The game itself is iconic. Using real actors digitized into sprites, MK had an art style that had not been seen anywhere else. The fighting systems were basically all the same between characters, except for special attacks that allowed the fighters to differentiate themselves from the competition. The first game only has seven characters to choose from, but these characters (except for Liu Kang) would go on to be featured in each numbered installment. The end of each match allowed for the winner to input a series of movements that will then display a gruesome finishing moves called fatalities which would become one of the series most iconic features.
MK would receive several home editions, the most notable being the SNES and Sega Genesis versions. The Super Nintendo version excluded fatalities and the instances of blood during the fights even though the visuals were closer to the arcade. The Genesis version allowed the uncensored version to be played with the use of a cheat code. The console ports came out in 1993. Which happened to be the same year as…
Mortal Kombat II
The World of 1993 was more of the same as the previous year. In the six months between installments, a number of crazy things had happened. The siege of the Waco compound of the Branch Davidian Cult by ATF agents had shocked the world and given a black mark to the reputation of government agencies. An oil tanker, the MV Braer, was sunk by hurricane force winds, spilling 85,000 tons of crude oil. An earthquake devastated Japan. And to add insult to injury, Islamic fundamentalists had bombed the World Trade Center.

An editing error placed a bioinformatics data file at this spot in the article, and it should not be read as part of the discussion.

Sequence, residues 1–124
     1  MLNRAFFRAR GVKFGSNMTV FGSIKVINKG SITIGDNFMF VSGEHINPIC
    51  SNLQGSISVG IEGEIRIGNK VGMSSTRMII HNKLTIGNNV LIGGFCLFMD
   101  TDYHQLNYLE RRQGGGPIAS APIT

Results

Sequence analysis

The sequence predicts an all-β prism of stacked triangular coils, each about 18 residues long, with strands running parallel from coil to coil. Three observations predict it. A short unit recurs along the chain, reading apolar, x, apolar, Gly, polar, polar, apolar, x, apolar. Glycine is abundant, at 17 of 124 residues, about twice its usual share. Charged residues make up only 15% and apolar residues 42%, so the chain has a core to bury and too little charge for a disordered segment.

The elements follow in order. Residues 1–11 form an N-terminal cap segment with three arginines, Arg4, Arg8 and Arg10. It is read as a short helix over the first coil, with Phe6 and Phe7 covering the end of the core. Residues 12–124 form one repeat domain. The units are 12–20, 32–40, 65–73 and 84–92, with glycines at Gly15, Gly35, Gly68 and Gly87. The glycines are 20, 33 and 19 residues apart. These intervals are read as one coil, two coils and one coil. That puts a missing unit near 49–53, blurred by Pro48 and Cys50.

MKII was released to arcades in April 1992, a mere six months after the first installment. The gameplay was very similar to the first one, albeit with some extra moves and faster gameplay. The fatality systems were also upgraded, expanding the number of each character’s fatalities as well as introducing stage fatalities. On top of this, the end of the match finishing moves introduced Babalities (which turned the opponent into a child version of themselves) and Friendships (interactions like dancing or making balloon animals for the opponent instead of killing them). The number of characters expanded from the original 7 to 12.